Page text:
Northern Ireland

Abortion result and sinking paddle steamer

Scenes in Ireland around abortion referendum Image copyright AFP/Getty Images
Image caption Many of the front pages focus on the result of Ireland's abortion referendum

The outcome of Ireland's abortion referendum and whether there will be a ripple effect in Northern Ireland looms large on the front pages on Monday morning.

The Belfast Telegraph reports that the prime minister is facing growing pressure "to liberalise Northern Ireland's strict laws on abortion".

However, it adds that the DUP leader, Arlene Foster, has said the result in the Republic of Ireland will have no effect on the law in NI.

The front page of the Irish News features quotes from Sinn Féin president Mary Lou McDonald who insists women in Northern Ireland must have access to planned new abortion services in the Republic.

Ms McDonald told the newspaper it would be "unthinkable" that a woman in a border town such as Dundalk with a diagnosis of a fatal foetal abnormality could have an abortion, but a woman "up the road" in Newry could not.

An Irish government spokesman said the issue of abortion services in Northern Ireland "is a matter to be addressed within that jurisdiction and ideally by a restored Northern Ireland Executive and assembly".

The news that a woman has been intimidated from her home in north Belfast by a large group of youths makes the headlines in the Daily Mirror.

It says the woman, who is believed to be a refugee of Sudanese heritage, was left shaken after a "rampaging gang" attacked the house in the Brookvale Avenue area on Saturday night.

Police called in social services to get the woman rehomed.

The attack followed earlier reports of about 100 people "banging on doors, drinking and running up and down the street" in the Oldpark area.

The News Letter reports that a Mississippi-style paddle steamer has sank off the coast of north Wales while it was being towed to Coleraine, County Londonderry.

The vessel, called the MV Oliver Cromwell, started sinking on Friday about 12 miles (19km) west of South Stack near Holyhead, Anglesey.

Holyhead Coastguard was called to the scene, but it could not stop the vessel, which was previously moored in Gloucester Docks for 25 years, sinking into the Irish Sea.

The newspaper reports that the Crannagh Marina Complex in Coleraine had purchased the boat in January for £245,000 and had planned a £100,000 refit to turn it into a 15-bedroom hotel and restaurant on the River Bann.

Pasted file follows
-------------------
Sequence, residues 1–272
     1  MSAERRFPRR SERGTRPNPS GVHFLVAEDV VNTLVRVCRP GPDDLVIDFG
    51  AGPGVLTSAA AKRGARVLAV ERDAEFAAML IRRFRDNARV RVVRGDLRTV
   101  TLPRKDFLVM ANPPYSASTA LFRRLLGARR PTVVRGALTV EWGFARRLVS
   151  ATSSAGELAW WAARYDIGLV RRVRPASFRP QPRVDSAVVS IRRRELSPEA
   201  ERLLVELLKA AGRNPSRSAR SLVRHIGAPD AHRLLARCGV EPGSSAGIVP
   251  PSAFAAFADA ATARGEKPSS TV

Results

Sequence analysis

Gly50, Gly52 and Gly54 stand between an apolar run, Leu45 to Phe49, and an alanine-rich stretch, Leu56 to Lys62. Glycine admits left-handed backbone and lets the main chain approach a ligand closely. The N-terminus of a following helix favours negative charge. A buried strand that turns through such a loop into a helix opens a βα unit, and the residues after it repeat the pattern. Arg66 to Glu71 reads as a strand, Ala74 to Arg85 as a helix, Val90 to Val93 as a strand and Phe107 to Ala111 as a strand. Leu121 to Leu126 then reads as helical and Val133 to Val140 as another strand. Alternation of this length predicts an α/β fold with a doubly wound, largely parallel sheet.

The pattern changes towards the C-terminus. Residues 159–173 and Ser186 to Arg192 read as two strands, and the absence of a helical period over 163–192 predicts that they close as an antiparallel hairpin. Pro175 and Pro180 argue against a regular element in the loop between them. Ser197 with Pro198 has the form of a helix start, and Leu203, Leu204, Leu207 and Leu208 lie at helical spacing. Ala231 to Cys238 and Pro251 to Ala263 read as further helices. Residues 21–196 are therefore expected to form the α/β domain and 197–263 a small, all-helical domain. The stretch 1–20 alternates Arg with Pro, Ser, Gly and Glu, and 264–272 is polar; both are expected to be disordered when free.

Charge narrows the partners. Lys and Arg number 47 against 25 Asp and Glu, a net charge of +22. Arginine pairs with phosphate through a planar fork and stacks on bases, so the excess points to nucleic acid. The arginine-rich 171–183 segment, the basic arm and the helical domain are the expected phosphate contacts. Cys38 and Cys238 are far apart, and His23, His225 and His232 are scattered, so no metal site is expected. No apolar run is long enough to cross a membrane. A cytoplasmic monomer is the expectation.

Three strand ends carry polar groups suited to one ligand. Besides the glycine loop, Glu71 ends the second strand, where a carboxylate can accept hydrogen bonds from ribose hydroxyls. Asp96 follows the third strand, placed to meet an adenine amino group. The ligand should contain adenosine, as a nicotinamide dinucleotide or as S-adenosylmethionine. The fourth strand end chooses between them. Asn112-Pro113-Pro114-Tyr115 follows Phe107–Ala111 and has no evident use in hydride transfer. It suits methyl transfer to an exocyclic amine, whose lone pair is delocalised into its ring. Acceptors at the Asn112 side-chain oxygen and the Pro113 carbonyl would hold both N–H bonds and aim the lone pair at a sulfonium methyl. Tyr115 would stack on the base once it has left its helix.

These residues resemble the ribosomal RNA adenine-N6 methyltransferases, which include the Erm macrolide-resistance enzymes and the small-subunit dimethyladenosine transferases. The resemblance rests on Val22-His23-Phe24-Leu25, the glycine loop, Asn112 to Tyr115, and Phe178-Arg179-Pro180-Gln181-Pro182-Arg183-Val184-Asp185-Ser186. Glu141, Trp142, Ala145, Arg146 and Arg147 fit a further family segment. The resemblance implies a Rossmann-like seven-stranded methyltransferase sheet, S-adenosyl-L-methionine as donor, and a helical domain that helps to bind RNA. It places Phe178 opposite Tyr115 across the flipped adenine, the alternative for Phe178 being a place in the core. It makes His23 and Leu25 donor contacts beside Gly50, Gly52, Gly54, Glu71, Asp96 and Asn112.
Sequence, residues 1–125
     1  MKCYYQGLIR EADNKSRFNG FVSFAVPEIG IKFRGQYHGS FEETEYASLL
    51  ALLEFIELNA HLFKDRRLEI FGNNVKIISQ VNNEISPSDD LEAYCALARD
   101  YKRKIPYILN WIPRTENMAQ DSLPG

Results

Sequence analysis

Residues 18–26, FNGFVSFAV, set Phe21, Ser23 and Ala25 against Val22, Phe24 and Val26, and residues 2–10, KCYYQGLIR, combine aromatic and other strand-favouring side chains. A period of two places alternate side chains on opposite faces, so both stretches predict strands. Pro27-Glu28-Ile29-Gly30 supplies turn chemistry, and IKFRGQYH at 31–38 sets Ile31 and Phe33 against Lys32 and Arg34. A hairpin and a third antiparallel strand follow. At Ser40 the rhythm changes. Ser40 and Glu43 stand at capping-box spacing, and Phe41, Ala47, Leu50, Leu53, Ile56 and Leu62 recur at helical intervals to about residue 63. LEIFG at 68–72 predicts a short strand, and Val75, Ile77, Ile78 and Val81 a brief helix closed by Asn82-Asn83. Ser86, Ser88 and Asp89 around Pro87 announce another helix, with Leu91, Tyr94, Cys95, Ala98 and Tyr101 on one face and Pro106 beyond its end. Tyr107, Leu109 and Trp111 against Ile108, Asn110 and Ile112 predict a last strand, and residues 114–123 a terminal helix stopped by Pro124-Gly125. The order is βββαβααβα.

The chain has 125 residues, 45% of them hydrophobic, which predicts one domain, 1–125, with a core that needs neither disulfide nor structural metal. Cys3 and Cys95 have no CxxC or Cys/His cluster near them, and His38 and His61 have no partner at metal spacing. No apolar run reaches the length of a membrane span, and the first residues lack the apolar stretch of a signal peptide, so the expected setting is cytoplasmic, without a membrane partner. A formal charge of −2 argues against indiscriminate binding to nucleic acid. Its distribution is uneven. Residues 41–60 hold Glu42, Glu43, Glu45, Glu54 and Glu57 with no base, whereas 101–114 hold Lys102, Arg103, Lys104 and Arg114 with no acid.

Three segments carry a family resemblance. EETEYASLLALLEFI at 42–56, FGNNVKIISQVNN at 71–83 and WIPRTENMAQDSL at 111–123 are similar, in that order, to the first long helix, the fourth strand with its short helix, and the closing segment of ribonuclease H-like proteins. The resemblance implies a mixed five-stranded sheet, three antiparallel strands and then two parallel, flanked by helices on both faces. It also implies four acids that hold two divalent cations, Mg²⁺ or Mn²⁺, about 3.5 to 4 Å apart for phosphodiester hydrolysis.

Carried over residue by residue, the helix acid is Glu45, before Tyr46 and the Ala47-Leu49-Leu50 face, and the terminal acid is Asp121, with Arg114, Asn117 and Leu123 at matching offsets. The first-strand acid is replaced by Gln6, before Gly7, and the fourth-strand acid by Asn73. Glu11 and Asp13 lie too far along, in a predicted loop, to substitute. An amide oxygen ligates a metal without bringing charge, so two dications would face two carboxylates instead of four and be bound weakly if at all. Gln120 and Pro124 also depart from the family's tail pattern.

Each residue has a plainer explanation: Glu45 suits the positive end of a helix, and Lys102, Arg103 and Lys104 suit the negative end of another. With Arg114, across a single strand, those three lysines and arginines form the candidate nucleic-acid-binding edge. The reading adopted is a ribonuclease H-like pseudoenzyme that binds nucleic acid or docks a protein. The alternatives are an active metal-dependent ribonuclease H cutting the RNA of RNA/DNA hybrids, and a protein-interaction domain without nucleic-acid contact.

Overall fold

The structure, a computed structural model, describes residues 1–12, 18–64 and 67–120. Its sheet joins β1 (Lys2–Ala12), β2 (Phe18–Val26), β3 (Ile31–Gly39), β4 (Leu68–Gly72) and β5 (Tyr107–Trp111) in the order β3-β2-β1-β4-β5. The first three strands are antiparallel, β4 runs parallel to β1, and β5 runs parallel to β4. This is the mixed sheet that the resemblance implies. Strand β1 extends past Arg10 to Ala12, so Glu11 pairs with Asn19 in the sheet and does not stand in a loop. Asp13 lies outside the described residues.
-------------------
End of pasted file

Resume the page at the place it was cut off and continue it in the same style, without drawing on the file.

Image copyright RNLI/Jay Garden
Image caption The MV Oliver Cromwell, started sinking on Friday

The Daily Mirror has quotes from Seamus Carey, the owner of the Crannagh Complex, who described the incident as a "major blow for tourism on the north coast".

He said that despite this "unfortunate setback" they were "more determined than ever" and "in the process of reviewing alternative options for a replacement boat".

The News Letter also features a female footballer from Belfast who credits Street Soccer with helping to transform her prospects.

Catrina Sheehan, 26, who has the spinal condition, scoliosis, played for Northern Ireland in the Homeless World Cup in Oslo last August.

The newspaper says that after leaving her foster home in search of independence, Catrina had "several bad experiences and found herself in the Flax Foyer in Belfast - accommodation for young people who have found themselves homeless".

"They really helped me in there," she said.

"They got me into courses and pointed me in the direction of Street Soccer. Street Soccer means everything to me, it's a lifeline."

Catrina, who has had spinal surgery twice, is now living in her own home in north Belfast and says she "wouldn't let my disability define me".

The visit of Irish President, Michael D Higgins, to a centre in Bellaghy dedicated to the memory of his friend, the renowned poet Seamus Heaney, is featured in the Irish News.

Members of Mr Heaney's family met Mr Higgins at the Seamus Heaney HomePlace.

Mr Higgins said Mr Heaney was "one of the greatest poets of the 20th century" and "a man to whom we are indebted for his words".

Image caption Michael D Higgins has visited the Seamus Heaney HomePlace centre

We sign off with a story in the Belfast Telegraph that fits the adage that dogs are "man's best friend".

Harry McLarnon, 91, says his pet dog, Jack, is a hero after he raised the alarm when the pensioner took a tumble from steps while potting plants at his Ballymena home.

Harry was lying helpless on the ground for half an hour, but Jack's persistence paid off when he ran around on the busy Broughshane Road and "barked his head off" attracting the attention of the people attending a meeting in All Saints Church.

Three people found the former contractor lying at the back of his home out of public view and soon made him comfortable on a chair.

Harry said the incident happened when his daughter was "out on a message" and between the visits of carers.

"I gave him (Jack) a big hug afterwards," he added.